4

Does anyone want to try to translate this table into Russian?

In English there are 4 conditionals (Type 0, 1, 2, 3, 4).

I have a good idea of how these translate, but I would like to see what the great members on this stack will come up with.

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1
  • 1
    I've added one more variant of conditional clause in the answer, I think it is important to note. The variant is если я выпил кофе вечером, я плохо сплю, so when one is talking in general about some condition (like present simple in English) he can use any tense in the conditional part (that is infinitive, future and past), though past is not to frequent in usage. Sep 2 '15 at 6:56
10

I'm not a professional linguist, so I can't provide any reference to the textbooks on this matter, but as a native speaker, my translation is below (the cells in the table correspond to the table from the question):

+----+---------------------------------------+----------------------+
|  0 | если я пью кофе вечером               |  я плохо сплю        |
|    | если я выпью кофе вечером             |  я плохо сплю        |
|    | если я выпиваю кофе вечером           |  я плохо сплю        |
|    | если я выпил кофе вечером             |  я плохо сплю        |
+----+---------------------------------------+----------------------+
|  1 | если я выпью кофе сегодня вечером     |  я буду плохо спать  |
+----+---------------------------------------+----------------------+
|  2 | если я бы выпил кофе сегодня вечером  |  я бы плохо спал     |
+----+---------------------------------------+----------------------+
|  3 | если я бы выпил кофе в прошлый вечер  |  я бы плохо спал     |
+----+---------------------------------------+----------------------+

As far as I can see from this table, with imaginary situations one always uses the particle "бы" with a verb in the past.

Also imaginary situations in the future and present differ from ones in the past only by a verb in the if clause, that is only by the tense of a verb in this clause.

3
  • 2
    In the answer (3) I'd write "вчера вечером" instead of "в прошлый вечер"... Aug 26 '15 at 0:47
  • @VictorBazarov, you can, but I think this would be a very arbitrary translation. "Вчера вечером" means "yesterday night", with the same approach you could say "в понедельник вечером", just because the last night is the last Monday night by a coincidence. Aug 26 '15 at 0:58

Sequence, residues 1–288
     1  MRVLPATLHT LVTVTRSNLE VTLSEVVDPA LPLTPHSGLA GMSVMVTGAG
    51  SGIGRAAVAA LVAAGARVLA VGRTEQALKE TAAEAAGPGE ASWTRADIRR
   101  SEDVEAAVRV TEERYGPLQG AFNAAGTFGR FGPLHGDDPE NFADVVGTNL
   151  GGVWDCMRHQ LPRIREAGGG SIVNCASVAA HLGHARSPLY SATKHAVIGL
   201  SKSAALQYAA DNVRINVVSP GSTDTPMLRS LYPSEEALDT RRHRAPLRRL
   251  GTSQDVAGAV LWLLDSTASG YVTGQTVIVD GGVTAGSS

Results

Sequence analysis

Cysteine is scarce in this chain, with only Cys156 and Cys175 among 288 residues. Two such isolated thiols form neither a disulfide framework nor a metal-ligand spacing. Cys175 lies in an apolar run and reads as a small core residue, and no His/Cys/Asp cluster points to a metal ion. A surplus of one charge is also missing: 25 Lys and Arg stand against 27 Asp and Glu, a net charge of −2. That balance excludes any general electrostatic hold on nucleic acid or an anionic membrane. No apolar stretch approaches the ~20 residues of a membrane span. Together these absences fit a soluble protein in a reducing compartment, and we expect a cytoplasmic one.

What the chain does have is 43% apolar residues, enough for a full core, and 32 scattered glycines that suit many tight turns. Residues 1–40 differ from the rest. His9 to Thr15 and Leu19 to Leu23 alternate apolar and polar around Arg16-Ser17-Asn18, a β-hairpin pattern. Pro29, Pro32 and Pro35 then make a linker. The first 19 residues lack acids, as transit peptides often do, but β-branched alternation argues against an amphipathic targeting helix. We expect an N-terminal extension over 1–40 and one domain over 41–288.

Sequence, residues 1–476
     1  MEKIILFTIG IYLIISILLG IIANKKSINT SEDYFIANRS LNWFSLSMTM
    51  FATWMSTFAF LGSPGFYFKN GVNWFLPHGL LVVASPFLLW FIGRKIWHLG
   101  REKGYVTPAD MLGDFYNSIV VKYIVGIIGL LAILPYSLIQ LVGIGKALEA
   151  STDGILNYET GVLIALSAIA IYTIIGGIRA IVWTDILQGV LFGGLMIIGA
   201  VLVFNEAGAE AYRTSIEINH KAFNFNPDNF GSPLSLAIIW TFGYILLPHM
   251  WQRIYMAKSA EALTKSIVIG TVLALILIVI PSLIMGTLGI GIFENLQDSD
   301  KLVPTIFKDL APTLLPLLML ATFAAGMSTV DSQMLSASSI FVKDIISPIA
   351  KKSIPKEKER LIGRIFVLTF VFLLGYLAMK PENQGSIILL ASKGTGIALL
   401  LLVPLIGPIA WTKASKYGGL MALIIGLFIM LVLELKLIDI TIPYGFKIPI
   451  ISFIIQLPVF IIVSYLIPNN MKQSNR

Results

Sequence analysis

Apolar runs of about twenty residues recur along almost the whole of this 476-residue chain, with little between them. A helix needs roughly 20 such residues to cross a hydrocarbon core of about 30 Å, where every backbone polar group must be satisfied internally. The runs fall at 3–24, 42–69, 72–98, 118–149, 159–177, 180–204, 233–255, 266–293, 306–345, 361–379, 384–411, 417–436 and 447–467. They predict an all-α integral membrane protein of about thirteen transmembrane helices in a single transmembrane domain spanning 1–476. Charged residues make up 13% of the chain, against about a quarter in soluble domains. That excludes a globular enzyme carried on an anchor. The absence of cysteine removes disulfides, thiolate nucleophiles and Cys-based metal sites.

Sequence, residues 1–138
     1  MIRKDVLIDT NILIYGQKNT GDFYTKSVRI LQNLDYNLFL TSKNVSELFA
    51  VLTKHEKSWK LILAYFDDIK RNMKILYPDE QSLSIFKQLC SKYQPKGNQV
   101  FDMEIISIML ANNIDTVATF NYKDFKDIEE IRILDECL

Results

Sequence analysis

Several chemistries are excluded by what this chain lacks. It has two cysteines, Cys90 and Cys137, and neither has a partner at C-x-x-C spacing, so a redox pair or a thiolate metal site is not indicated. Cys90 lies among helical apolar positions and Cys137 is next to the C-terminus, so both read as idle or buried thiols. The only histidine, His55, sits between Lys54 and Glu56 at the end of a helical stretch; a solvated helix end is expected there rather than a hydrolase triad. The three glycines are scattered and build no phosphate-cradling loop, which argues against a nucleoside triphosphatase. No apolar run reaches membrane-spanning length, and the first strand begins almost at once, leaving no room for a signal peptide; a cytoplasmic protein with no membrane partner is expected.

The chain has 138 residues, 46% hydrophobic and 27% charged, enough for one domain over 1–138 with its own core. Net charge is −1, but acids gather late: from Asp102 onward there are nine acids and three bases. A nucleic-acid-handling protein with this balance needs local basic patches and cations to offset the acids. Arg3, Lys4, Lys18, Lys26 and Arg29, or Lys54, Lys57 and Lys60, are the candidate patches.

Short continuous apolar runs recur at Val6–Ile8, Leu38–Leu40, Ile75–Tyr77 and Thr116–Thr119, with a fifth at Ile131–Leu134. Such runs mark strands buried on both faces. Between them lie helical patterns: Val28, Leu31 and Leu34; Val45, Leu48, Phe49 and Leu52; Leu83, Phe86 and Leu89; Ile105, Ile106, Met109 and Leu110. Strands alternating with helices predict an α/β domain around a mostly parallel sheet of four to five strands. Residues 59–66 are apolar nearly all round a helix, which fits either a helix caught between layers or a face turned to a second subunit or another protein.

• 3
    "Вчера вечером" is a more typical Russian expression than "прошлым вечером" which is used not too often in situations like that. I'd say, "прошлым вечером" is more suitable for some third-person narrative about past events, it is more like 'the night before' or "накануне вечером" - relatively to some day in the past rather than 'today'. "Ямщик с трудом открыл глаза: прошлым вечером он напился."
    – Alex_ander
    Aug 26 '15 at 6:41
4

This is a (very) rough correspondence:

If I drink coffee at night, I don't sleep well -> Если я пью (выпью) кофе на ночь, то сплю плохо

If I drink coffee tonight, I won't sleep well -> Если сегодня вечером я выпью кофе, то буду плохо спать.

If I drank coffee tonight, I wouldn't sleep well -> Если я буду пить кофе сегодня вечером, то не высплюсь.

If I had drunk coffee last night, I wouldn't have slept well -> Если бы я вечером пил (выпил) кофе, я бы плохо спал (не уснул).

A couple of notes. First, in (1) you must use Present (Imperfective, of course) on "the right side". Yet on "the left side" you have a choice between Present Imperfective and Future Perfective. Not much difference though.

Second, there's no real difference between (2) and (3) in Russian. Anyway you have to intone what's still possible and what you believe to be unreal (or stick to (4) maybe). I put them in order which would be preferable for me personally. But the only requirement is that both parts must be in future tense (no matter of Perfective vs Imperfective here).

On (4), only past tense is allowed but both Perfective and Imperfective are OK. Next, "бы" was a form of the verb "быть" long time ago but in modern Russian it's just a particle, so it tends to stay next to the conjunction: "если бы", "когда бы", "вот бы" etc. Moreover, there's a "unite" conjunction "кабы" mentioned in Russian analogue of "ifs and ans":

Если бы, да кабы, да во рту росли грибы (...тогда бы был не рот, а целый огород)

And last but not least, (4) may also be the pure imaginary setting similar to that "If I were the King" (or the former "ifs and ans") which makes it really close to English Second Conditional too.

Если б я был султан, я б имел трёх жён,
И тройной красотой был бы окружён.
Но с другой стороны, при таких делах
Столько бед и забот, ах, спаси аллах!

(the well-known song from the well-known movie ;)

And yet another "monarchic" example, now from the classics:

"Кабы я была царица,-
Говорит одна девица,-
То на весь крещёный мир
Приготовила б я пир".
- "Кабы я была царица,-
Говорит её сестрица,-
То на весь бы мир одна
Наткала я полотна".
- "Кабы я была царица,-
Третья молвила сестрица,-
Я б для батюшки-царя
Родила богатыря".

(from the tale by Pushkin)

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